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Bolivia, Plurinational State of

German's story: Swapping sugar cane fields for school in Bolivia

© UNICEF Bolivia/2011/Friedman-Rudovsky
Children in a combined fifth and sixth grade class work in one of the unfinished schoolhouses in the village of San Juan del Carmen, Bolivia. Most of the children come from families where they are the first to be able to attend school.

This year’s World Day Against Child Labour, marked on 12 June, is focusing on hazardous working conditions faced by some 115 million children worldwide, and calls for urgent action to halt the practice. This is one story of the impact child labour has on young lives.

By Noah Friedman Rudovsky

SAN JUAN DEL CARMEN, Bolivia, 10 June 2011 – In the shadow of a sea of sugar cane fields, German Tumpanillo, 13, rattles off what he likes about his new community.

“The school, friends, it’s safe here…we have a place to play ball.”  He has little to say about life on the sugar cane plantation in his previous village, except that there was no school.

Chance of an education

Until the age of nine, German lived with his family on a large sugar cane plantation in Bolivia’s eastern lowlands. He and his five siblings didn’t attend school because there was no transportation to the nearest schoolhouse.

Instead, they spent their days cutting cane and doing chores under the plastic tarp that passed for a home. His life changed drastically in 2007, when his older sister called to say that she and her husband had found an independent community surrounded by sugar cane fields – with a school.

German’s mother Rosa Galindo, 35, sent him immediately. “Because I didn’t get to study as a child, my thinking was, I want one of my children to go to school,” she says. German enrolled directly in third grade as a nine year-old, and soon his entire family came.

© UNICEF Bolivia/2011/Friedman-Rudovsky
David Tumpanillo, 12 (German's brother), carries sugar cane in the fields near his village of San Juan del Carmen, Bolivia. David goes to school in the mornings, but spends a couple hours some afternoons assisting his family in the fields to supplement the family's income.

“Here, we started out giving classes under tarps; they studied in the shade of the trees,” says teacher Estefania Sejas Uriyona. Such was the success of the school, it was quickly overwhelmed with new arrivals.

With funding from UNICEF and the regional government, the community built two schoolhouses and was assigned four permanent teachers.

To an outsider, San Juan del Carmen is still a hardscrabble village with thatched roofed huts and no electricity.  But for families such as German’s, it is a world away from the constant migration of sugar cane labour, living in temporary encampments on the boss’ land.

Here, they have formed a community, a place where they can make a home and just as importantly, one that belongs to them.  Well-trimmed bushes line the soccer field and litter-free paths snake from home to home.

Rediscovering childhood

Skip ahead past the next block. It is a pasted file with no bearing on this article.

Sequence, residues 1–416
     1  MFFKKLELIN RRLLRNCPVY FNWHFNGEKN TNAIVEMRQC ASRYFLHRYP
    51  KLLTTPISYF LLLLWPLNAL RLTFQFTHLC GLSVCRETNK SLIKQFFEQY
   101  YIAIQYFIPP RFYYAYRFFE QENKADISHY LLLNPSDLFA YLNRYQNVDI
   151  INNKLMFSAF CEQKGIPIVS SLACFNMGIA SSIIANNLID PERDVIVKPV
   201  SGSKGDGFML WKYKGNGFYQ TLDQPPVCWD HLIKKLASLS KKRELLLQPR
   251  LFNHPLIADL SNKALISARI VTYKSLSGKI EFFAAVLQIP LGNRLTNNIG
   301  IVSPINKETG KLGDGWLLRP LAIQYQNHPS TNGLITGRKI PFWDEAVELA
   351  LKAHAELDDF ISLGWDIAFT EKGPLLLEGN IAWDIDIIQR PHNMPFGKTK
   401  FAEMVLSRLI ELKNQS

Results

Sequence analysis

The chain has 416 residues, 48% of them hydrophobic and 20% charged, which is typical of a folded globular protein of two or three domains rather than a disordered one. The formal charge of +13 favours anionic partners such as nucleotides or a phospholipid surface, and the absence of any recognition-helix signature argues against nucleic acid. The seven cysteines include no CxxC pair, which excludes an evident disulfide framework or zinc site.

San Juan del Carmen means even more for the children. It has allowed them to rediscover childhood. “Today, we’re going to go to the fields to watch them cut cane,” says Juan Gabriel cheerfully.  But by mid-afternoon, the kids are still playing marbles in the shade of the schoolhouse, joking around and talking about doing homework.

© UNICEF Bolivia/2011/Friedman-Rudovsky
German Tumpanillo, 13, leaves one of the schoolhouses in San Juan del Carmen, Bolivia. German worked in the sugar cane harvest as a child, but has now enrolled in school.

On other days, many of the children do indeed go to the fields with their parents to work.  “When there is work to do, like planting cane or clearing fields, we go to help out for a couple hours, and then we come back to rest. I earn a little money to buy the things I need,” explains German.

It is a reality faced by most Bolivian youngsters in the countryside – if they want shoes and extra school supplies, they are expected to spend some of their free time supplementing the family’s income. But it is a far cry from the long days of back-breaking work born of pure necessity that German and his siblings experienced before they found this community.

Tens of thousands of children, starting as young as six years-old, have traditionally worked in Bolivia’s two harshest jobs: cutting sugar cane and mining.

Fewer child labourers

In the sugar harvest, the number of child labourers has shrunk from 8,000 to less than 1,000 over the past decade, thanks to initiatives that provide stable schools and basic infrastructure to communities like San Juan del Carmen.

Next year when German turns 15 and finishes eighth grade, he will be at a crossroads that is familiar to many children in Bolivia. “I would like to keep studying,” he says, but he knows it may be too expensive to send him to high school in the city.

For now though, German just relishes the freedom to wander between a soccer game and homework, without the burden of a daily toil in the sugar cane fields.



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